No Indian airline has the world's largest commercial airliner - Airbus A-380 - but over 60 desi pilots are flying the mega plane in the fleets of foreign carriers.

While airlines rarely disclose nationality-wise break-up of their cockpit crew, a few airlines operating the A-380 have said highly professional Indian pilots are flying the world's most expensive plane for them.

Dubai-based Emirates, which is the largest operator of this aircraft, has 133 Indian pilots in all of which almost half fly the A-380. "We have 57 Indian A380 pilots and in total we have 133 pilots from India. Overall we have more than 4,000 pilots," said an Emirates spokesperson.

Neighbouring Abu Dhabi-based Etihad has shifted five Indian pilots who used to fly their Airbus planes in its fleet like the 320, 330 and 340 to the A-380. The airline said it has one Indian commander and four first officers flying the A-380. Overall, Indian pilots comprise 6% of the total cockpit crew of Etihad.


Singapore Airlines, also a big operator of the mega plane, said it does not have any Indian pilot operating its A-380 and German carrier Lufthansa said it did not have "statistics in place that would give details about nationalities of the respective aircraft type".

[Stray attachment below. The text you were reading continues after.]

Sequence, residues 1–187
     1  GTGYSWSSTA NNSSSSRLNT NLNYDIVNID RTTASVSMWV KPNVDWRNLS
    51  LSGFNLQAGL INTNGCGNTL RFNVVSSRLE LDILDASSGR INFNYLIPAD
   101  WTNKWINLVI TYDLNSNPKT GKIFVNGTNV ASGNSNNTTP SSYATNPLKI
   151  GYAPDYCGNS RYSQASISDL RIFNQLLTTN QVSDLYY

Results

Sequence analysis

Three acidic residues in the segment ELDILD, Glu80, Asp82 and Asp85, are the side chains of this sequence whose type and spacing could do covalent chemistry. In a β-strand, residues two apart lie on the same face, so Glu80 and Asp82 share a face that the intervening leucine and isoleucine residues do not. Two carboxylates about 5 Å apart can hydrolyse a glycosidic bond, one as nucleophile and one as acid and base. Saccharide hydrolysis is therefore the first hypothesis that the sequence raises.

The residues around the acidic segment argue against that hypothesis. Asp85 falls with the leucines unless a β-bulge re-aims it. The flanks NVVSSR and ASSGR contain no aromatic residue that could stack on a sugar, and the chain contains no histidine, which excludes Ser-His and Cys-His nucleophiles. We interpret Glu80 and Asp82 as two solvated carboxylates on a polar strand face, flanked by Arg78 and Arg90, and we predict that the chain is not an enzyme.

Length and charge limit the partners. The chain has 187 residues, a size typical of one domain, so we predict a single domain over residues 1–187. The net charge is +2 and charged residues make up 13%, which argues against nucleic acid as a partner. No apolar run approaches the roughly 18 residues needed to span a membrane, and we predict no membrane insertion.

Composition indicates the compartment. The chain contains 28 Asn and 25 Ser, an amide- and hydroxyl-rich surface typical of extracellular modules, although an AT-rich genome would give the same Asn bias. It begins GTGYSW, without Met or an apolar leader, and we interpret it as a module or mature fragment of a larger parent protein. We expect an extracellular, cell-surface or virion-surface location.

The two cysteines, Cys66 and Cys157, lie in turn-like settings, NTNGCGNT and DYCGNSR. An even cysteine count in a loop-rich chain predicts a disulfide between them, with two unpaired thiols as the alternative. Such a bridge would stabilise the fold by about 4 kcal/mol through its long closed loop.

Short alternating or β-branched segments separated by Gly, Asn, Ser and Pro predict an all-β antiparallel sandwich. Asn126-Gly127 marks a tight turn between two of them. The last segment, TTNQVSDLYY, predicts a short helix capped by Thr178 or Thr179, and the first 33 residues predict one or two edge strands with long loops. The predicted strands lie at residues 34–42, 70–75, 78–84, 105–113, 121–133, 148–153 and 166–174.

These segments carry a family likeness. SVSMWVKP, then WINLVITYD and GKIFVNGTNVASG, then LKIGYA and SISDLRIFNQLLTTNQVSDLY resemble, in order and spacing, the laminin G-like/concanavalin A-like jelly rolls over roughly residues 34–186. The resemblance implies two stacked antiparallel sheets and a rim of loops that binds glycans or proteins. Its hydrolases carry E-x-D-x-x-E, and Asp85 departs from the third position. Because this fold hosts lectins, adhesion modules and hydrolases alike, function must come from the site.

According to the Airbus website, the average list price of an A-380 in 2018 is $ 445.6 million (about Rs 2,910 crore). The salary for flying big birds is also mouth-watering. The Emirates career website says the total monthly salary (tax free with accommodation allowance included) is 44,450 UAE Dirham or AED (about Rs 7.9 lakh) for first officers on Boeing 777 and A-380. For captains, this figure goes up to 58,770 AED (about Rs 10.5 lakh).

"While in overall terms, the salary may not seem too high compared to what pilots earn in India. But being tax free makes it really big for us," said an Indian pilot working with a domestic airline. Indian airlines have to struggle to prevent their experienced pilots from being "poached" by Gulf carriers.

 


While the ideal way to do is letting market forces determine where one wants to work by offering competitive remuneration, citing frail financial health Indian carriers got the DGCA to increase notice period for commanders from six months to a year last August. Domestic airlines matching post-tax salaries of India with tax-free ones in UAE is impossible for them. "No one is going to wait for a year if they want to hire us," rued an Indian commander. This tug-off-war shows just how highly rated Indian pilots are.

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